The Sbarro family in their original salumeria in Bensonhurst
In my July 2009 roundup of famous New York-style pizzerias, I left out the one pizza company that could technically be called the most recognizable New York pie — at least to those who live outside the city.
Sbarros Pizza is a fixture of shopping malls and roadside traffic stops across the nation. In fact, “across 30 countries” according to the website. In many of these countries, Sbarros is most likely introducing the actual concept of pizza, much less its modified ‘New York style’ offering.
I was surprised to learn that Sbarros actually got its start in Brooklyn, over 50 years ago, and in a fashion similar to Lombardi’s Pizzeria, the tourist-heavy pizzeria in Little Italy.
It too was started up by a Neapolitan named Gennaro — the highly alliterative Gennaro Sbarro, to be exact — with his wife Carmela and their three sons. Like Gennaro Lombardi, the Sbarros didn’t start off selling pizza either. Their original salumeria (delicatessen) in Bensonhurst, Brooklyn, was located at 1701 65th Street and 17th Avenue, opening in 1959 and serving the usual Italian-style deli fare, eventually incorporating pasta and pizza onto the menu — and sit-down service along with it.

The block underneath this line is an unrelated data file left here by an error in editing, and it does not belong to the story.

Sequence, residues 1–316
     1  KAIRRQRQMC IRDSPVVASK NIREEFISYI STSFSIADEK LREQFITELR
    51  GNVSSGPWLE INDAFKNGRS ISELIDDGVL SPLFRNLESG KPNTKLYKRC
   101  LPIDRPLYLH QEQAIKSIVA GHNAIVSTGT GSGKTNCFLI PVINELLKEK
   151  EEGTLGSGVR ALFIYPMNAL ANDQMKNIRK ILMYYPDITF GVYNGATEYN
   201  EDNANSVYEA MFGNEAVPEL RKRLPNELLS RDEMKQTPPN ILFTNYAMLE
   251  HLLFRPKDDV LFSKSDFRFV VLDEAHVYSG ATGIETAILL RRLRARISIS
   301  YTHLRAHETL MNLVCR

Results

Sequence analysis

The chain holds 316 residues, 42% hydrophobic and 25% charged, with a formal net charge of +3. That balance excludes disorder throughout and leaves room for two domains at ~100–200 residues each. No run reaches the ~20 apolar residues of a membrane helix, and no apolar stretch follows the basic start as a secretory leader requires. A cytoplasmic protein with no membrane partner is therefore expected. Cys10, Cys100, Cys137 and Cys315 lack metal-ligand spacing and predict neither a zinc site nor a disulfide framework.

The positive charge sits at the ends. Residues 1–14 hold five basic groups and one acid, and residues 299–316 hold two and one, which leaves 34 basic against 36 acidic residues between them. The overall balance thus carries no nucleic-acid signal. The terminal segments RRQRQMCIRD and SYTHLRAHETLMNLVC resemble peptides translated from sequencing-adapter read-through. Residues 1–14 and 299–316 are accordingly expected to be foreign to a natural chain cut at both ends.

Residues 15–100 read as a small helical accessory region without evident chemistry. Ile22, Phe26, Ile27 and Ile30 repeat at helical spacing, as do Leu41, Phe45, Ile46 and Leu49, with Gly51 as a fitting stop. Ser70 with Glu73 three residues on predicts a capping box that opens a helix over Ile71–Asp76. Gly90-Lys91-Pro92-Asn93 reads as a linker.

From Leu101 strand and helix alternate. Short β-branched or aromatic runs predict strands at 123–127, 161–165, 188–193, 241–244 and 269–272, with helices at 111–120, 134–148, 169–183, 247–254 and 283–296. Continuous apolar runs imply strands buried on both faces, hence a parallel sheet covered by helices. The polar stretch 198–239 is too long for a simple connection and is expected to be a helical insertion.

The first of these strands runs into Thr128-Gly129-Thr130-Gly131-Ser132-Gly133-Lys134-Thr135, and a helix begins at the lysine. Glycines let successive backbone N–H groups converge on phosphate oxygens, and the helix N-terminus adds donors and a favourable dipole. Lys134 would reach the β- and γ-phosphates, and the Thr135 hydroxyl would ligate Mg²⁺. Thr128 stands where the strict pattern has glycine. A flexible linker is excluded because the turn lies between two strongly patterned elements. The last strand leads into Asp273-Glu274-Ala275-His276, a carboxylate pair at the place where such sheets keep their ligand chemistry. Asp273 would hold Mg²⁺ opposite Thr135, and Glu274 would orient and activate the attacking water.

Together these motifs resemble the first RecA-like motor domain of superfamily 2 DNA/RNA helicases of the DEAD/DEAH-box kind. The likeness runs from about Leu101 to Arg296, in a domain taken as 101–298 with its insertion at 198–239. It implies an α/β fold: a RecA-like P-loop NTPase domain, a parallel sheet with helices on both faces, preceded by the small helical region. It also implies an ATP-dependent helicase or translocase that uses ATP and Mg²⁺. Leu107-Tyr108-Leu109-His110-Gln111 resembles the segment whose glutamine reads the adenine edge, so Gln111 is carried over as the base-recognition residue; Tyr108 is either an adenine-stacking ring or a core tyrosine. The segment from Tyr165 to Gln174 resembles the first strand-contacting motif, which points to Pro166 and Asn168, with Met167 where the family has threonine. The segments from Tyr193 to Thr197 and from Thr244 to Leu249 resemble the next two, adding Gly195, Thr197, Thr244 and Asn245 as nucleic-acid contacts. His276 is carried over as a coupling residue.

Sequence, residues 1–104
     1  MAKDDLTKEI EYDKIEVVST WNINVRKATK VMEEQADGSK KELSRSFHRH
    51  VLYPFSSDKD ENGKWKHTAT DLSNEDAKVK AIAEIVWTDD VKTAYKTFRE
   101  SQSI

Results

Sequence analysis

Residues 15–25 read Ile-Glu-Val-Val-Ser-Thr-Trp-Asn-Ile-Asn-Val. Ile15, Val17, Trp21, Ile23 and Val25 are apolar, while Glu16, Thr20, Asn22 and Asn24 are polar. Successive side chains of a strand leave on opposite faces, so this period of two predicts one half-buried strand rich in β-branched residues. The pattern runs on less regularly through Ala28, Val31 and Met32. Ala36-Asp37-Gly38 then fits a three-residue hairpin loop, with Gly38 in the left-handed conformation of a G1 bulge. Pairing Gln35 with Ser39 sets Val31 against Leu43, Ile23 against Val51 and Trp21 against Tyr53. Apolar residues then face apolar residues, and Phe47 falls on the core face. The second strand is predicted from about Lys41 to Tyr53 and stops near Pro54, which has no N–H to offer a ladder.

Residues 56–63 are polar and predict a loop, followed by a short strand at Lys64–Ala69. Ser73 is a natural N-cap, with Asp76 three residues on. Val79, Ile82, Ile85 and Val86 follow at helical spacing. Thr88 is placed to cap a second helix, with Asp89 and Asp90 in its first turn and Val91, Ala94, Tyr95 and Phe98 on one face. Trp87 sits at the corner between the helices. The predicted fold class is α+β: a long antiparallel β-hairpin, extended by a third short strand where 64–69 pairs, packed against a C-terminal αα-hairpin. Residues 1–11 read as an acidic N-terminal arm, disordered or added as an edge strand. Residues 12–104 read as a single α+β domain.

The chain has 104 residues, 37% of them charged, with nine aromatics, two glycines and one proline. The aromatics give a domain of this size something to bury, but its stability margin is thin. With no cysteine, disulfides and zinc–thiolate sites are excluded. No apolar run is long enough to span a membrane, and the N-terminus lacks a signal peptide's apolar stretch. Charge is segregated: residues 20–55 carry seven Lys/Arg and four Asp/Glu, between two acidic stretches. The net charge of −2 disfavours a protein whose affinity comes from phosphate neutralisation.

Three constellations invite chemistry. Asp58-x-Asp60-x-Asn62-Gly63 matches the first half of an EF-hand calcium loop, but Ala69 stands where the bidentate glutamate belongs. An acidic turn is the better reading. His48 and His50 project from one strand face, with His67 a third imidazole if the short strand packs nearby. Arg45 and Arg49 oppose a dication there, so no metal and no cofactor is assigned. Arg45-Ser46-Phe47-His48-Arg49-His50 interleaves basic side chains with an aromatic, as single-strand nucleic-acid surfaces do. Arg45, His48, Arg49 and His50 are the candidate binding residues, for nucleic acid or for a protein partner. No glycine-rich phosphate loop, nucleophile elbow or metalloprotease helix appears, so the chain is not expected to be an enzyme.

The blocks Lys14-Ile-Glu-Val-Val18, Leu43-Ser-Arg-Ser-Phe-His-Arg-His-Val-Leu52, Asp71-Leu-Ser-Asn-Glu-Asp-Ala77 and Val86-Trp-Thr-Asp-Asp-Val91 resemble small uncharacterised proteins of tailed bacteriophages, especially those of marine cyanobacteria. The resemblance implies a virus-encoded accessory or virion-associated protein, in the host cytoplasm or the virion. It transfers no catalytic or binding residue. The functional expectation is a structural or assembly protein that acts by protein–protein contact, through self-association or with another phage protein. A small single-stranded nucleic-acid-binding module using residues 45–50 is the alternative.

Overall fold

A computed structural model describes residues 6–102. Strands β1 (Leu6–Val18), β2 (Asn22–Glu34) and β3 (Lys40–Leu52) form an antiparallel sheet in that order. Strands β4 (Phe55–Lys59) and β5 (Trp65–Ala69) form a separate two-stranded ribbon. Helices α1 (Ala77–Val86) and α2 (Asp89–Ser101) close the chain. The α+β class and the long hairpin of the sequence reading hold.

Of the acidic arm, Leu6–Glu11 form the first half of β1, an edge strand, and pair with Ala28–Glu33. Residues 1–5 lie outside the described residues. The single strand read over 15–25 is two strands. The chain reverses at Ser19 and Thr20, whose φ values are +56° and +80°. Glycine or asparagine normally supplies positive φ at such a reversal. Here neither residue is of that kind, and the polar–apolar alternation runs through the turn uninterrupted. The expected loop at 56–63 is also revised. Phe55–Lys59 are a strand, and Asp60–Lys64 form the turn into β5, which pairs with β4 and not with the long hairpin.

The similarities to Lombardi’s stop there. The Sbarros had a mind to expand, keeping a tight reign on their operation as they opened 14 additional New York locations well into the 1970s, with all the food made at the original Bensonhurst location. Carmela even continued to personally make the cheesecake.
They could have been content to stop there, but keep in mind that the 1970s was the age of the shopping mall, and the lure of the food court greatly appealed to the Sbarros. Their first experimental pizza outlet was at the King’s Plaza mall in Marine Park. It was here that Sbarros became a counter fast-food restaurant, shedding its salumeria image for a bright, uniform place with a set menu of popular Italian standards.
Needless to say, it was a successful experiment. Incorporating the family business in 1977 and opening the brand up for potential franchises, the Sbarro sons took their restaurant chain national by the 1980s after their father’s death, and rolled it out to international locales by the 1990s.
The original Bensonhurst Sbarros was closed a few years ago, and it’s difficult to find the inherent Brooklyn-ness in a standard-issue Sbarros restaurant today. But if you look carefully, you might find some dusty, fake-looking meats hanging in the window, harkening back to its early Bensonhurst roots. It’s definitely the closest you’re ever going to find New York-style pizza in, say, Salt Lake City or even Kazahkstan. (Picture courtesy PMQ Pizza magazine)